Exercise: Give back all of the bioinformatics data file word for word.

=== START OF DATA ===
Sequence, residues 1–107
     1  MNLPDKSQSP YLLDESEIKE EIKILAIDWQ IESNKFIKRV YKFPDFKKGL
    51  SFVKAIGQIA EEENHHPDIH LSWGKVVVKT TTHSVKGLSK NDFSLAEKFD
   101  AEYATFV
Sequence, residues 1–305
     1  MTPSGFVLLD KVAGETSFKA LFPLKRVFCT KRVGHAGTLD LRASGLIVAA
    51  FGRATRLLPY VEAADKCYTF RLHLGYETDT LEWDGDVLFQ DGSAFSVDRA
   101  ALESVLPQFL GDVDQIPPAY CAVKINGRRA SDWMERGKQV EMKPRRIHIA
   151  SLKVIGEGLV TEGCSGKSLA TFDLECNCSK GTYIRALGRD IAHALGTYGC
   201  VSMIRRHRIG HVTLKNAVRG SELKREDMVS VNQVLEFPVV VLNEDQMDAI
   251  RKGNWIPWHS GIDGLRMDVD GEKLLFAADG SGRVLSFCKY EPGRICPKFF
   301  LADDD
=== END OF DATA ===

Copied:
Sequence, residues 1–107
     1  MNLPDKSQSP YLLDESEIKE EIKILAIDWQ IESNKFIKRV YKFPDFKKGL
    51  SFVKAIGQIA EEENHHPDIH LSWGKVVVKT TTHSVKGLSK NDFSLAEKFD
   101  AEYATFV
Sequence, residues 1–305
     1  MTPSGFVLLD KVAGETSFKA LFPLKRVFCT KRVGHAGTLD LRASGLIVAA
    51  FGRATRLLPY VEAADKCYTF RLHLGYETDT LEWDGDVLFQ DGSAFSVDRA
   101  ALESVLPQFL GDVDQIPPAY CAVKINGRRA SDWMERGKQV EMKPRRIHIA
   151  SLKVIGEGLV TEGCSGKSLA TFDLECNCSK GTYIRALGRD IAHALGTYGC
   201  VSMIRRHRIG HVTLKNAVRG SELKREDMVS VNQVLEFPVV VLNEDQMDAI
   251  RKGNWIPWHS GIDGLRMDVD GEKLLFAADG SGRVLSFCKY EPGRICPKFF
   301  LADDD